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My ex has been waiting for me for two years – do I go back to him or let him go?

Ask Roe: I feel if I don’t give him another chance I’ll always wonder ‘what if’, but I don’t want to waste more time

Dear Roe,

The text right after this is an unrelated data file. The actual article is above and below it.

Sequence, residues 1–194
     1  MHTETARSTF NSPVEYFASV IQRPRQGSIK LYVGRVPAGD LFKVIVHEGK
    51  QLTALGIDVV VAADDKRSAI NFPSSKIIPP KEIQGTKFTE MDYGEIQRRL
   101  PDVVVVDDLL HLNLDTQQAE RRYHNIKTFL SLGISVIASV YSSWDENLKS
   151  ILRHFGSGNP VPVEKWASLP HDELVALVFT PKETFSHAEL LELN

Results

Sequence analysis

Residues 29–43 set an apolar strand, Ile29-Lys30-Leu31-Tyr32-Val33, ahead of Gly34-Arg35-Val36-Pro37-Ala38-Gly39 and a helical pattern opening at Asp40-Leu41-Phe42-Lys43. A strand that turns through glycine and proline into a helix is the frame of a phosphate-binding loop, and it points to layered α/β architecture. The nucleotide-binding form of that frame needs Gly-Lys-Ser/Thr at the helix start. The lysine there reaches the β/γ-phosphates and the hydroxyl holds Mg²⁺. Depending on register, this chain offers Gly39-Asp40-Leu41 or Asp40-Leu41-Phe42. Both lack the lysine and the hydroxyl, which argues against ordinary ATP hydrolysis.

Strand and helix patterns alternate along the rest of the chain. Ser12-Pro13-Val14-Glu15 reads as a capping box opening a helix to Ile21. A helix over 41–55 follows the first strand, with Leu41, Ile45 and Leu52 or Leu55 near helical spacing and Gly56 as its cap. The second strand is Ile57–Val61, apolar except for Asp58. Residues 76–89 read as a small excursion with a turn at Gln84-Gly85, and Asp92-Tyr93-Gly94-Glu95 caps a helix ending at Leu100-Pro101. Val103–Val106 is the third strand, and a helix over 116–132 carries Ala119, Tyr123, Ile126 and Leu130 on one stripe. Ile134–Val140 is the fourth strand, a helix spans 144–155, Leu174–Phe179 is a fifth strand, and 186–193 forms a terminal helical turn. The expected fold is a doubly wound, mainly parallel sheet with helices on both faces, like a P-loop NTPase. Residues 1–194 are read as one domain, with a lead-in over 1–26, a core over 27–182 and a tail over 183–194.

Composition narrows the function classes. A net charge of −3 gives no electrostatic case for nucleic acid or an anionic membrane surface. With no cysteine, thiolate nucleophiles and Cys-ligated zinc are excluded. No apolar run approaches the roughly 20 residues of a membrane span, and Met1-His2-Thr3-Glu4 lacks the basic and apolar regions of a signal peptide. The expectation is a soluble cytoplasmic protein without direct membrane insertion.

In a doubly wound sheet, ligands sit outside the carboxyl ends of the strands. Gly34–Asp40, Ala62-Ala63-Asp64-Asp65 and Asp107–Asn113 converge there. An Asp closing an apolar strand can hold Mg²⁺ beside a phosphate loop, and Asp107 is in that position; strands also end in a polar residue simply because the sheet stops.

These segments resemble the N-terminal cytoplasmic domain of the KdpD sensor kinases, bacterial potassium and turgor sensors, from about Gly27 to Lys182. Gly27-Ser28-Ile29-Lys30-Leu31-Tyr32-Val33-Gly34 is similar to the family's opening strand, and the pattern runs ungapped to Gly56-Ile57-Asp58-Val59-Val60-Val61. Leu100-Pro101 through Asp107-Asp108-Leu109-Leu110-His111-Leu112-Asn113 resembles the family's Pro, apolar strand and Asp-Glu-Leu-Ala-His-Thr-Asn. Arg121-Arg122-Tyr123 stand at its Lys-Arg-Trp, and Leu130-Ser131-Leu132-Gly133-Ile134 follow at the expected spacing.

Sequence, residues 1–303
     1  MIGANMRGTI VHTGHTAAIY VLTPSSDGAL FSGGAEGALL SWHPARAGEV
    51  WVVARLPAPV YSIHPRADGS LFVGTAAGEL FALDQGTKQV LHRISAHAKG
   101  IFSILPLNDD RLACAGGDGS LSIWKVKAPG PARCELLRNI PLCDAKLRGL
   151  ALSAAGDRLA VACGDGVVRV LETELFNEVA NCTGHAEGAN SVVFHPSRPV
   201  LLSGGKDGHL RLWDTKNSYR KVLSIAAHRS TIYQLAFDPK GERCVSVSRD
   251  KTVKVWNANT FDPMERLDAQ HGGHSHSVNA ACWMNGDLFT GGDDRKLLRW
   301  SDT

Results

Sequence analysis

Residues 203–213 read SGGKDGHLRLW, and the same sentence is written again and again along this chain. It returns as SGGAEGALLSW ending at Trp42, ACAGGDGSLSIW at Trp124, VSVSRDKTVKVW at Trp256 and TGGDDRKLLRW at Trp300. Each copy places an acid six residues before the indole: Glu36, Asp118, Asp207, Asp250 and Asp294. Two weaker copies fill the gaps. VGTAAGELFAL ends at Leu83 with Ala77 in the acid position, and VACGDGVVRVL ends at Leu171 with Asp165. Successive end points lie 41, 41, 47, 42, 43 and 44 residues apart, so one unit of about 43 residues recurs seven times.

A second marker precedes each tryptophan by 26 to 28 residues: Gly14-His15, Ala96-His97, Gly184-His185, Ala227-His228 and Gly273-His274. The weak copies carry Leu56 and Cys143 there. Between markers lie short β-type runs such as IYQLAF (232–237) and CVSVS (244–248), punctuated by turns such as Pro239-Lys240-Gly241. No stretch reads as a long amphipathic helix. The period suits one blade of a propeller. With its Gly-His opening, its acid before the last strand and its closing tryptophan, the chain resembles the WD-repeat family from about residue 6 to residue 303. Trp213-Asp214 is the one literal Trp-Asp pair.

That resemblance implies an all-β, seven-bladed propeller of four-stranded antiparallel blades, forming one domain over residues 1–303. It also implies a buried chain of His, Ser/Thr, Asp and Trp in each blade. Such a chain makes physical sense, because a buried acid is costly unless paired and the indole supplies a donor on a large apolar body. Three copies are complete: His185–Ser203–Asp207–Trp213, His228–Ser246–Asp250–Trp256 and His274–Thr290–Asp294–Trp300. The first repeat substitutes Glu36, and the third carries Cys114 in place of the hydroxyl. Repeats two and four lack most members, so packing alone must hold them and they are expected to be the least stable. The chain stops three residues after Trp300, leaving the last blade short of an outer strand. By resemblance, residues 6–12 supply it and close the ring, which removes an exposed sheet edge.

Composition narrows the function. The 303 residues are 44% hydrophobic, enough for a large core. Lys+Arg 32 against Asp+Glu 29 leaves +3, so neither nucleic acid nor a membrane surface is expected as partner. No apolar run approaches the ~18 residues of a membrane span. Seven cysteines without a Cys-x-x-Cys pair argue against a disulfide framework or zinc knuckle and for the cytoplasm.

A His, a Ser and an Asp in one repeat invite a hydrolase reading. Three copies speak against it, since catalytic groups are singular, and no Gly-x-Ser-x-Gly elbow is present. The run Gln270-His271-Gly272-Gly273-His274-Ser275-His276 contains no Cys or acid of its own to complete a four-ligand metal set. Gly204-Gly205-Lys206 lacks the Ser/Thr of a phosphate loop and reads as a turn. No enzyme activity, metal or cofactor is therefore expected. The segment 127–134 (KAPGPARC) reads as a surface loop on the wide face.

I’m a woman and I am 33. I got with my ex-boyfriend when I was 27 and we broke up just before Covid. He wanted to get married but there were issues in our relationship; we would fight a lot over issues that never seemed to get solved, like his immaturity and irresponsibility around things like jobs and money, and communication issues that upset both of us. He is funny, kind and was very loving and affectionate, but I felt like I was always nagging him, and if we got married I’d always have to be the responsible one. All the fighting got exhausting so I broke up with him. But this was close to the start of Covid and we never really stopped talking. I moved back in with my parents in a different county so we didn’t see each other in person, but we really got each other through the pandemic. This year we’ve met up a lot and he’s told me several times that he wants to get back together and that he doesn’t want to date anyone. I’ve been on a few dates but they have been either awkward or horrible, which makes me feel I’m making a mistake not to hold on to a man who is so romantic and crazy about me. I’m torn because we still care about each other and aren’t fighting, but I don’t know if it’s a good idea to get back together. I do want to get married and have children, and feel if I don’t give him another chance I’ll always wonder “what if”, but if we do get back together and it doesn’t work out I will have wasted more time. How do I decide what to do?